Disputing an Insurance Claim Settlement
People invest in insurance to provide peace of mind in case the worst should happen, such as a car accident or a storm that destroys your home. But an insurance company’s settlement offer may not sufficiently cover the damages you have sustained or meet the level of need you experience after an accident. Do you have to accept the insurance claim?
The answer is: No, you do not. Here is a step-by-step guide to navigating claim disputes.
1. Review Your Current Coverage
Before you dive into a protest, make sure you understand exactly what is covered under your policy. Insurance terminology can be confusing, and you should enter your dispute fully informed about dollar amounts and what your policy entitles you to.
2. Open a Dialogue With the Insurance Company
Inquire why your settlement came in below your expectations. Follow up on the company’s replies. Ask them to specify the language in your policy that led to their decision.
3. Keep Records of Everything
Write down notes from all your conversations with the insurance company and keep all the documentation you receive. You may need to reference it further into the dispute.
4. Write a Letter to Your Claims Adjuster
This will act as your official appeal. The letter should address:
- Your view on why the claim settlement should be higher
- Information in your policy that supports your case
- A request to review your claim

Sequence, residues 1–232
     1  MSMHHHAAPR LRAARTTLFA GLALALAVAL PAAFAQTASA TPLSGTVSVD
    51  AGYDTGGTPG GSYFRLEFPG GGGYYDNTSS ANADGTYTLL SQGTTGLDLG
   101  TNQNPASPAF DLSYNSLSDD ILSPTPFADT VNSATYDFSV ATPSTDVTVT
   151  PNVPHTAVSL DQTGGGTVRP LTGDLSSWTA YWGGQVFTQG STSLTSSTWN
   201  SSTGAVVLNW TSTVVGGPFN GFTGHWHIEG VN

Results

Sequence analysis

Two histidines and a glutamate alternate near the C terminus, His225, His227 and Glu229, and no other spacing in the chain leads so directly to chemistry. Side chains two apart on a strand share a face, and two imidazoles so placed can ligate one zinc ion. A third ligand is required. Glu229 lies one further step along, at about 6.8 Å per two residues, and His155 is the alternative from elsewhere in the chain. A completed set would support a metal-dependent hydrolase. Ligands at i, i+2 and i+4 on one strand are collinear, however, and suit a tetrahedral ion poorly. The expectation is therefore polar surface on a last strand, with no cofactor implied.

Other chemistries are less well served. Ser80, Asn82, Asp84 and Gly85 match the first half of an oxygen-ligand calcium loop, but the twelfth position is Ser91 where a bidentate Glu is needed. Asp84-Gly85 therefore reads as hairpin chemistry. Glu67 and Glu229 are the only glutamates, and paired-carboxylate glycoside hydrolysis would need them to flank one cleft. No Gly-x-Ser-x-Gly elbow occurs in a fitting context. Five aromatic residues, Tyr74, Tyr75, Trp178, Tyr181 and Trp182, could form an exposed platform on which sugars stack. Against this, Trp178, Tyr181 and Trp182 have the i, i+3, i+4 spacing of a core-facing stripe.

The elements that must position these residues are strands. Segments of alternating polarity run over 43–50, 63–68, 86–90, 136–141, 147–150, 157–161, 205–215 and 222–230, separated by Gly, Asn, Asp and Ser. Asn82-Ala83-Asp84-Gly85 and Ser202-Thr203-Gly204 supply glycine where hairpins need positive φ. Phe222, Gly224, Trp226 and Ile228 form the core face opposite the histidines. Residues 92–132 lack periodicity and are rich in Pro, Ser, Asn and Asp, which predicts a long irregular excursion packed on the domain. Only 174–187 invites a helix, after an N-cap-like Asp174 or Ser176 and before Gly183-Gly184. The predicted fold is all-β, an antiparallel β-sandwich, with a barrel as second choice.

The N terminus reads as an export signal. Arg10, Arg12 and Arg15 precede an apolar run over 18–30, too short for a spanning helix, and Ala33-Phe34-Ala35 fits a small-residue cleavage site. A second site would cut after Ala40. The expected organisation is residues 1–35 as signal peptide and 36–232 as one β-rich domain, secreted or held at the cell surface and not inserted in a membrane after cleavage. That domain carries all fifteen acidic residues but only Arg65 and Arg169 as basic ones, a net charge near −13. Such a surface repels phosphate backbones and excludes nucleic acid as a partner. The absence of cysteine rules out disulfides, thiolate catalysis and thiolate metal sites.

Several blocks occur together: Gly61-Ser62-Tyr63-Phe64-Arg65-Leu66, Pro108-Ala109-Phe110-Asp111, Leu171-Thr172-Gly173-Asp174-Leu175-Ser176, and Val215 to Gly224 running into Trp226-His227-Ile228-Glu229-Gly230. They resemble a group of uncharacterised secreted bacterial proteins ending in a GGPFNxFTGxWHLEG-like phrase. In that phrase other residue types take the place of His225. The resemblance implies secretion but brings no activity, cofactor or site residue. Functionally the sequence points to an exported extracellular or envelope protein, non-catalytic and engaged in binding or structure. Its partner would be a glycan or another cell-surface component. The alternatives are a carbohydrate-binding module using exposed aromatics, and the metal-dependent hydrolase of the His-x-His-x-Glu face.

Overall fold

Wrap up the letter by asking the insurance company to respond to your appeal by a certain date. Most people choose a window of 10 days from when the letter is dated. Send the letter by certified mail so you have a record of that date. You also should make a copy of the letter to send to the supervisor of your adjuster.
While you may feel emotional when you write the letter, keep your language professional and polite. An adversarial note threatening to enlist a lawyer could worry the insurance company and redirect your letter to the legal department.
5. Arrange a Visit to Assess Damages
If your adjuster did not assess the damages themselves, invite them to see what happened in person. Some people get second opinions as well, such as from a car mechanic or smoke damage expert, depending on your situation. You can share this information with the adjuster or, better yet, invite that person to meet with the adjuster as well to discuss their recommendations.
6. File a Complaint With the State
If you follow all of these steps, the insurance company may revisit the decision. But if they refuse, take your case to the next step by filing a complaint with your state insurance department and hiring a knowledgeable lawyer. The attorney can advise you on your next move.
Find the Right Lawyer for Your Insurance Dispute
Irpino, Avin & Hawkins Law Firm has assisted many people with insurance claim settlement disputes. We understand how frustrated you feel in this situation, and we can guide you toward the best solution. We offer free initial consultations with the experienced attorneys at our law firm. Contact us today to discuss your case.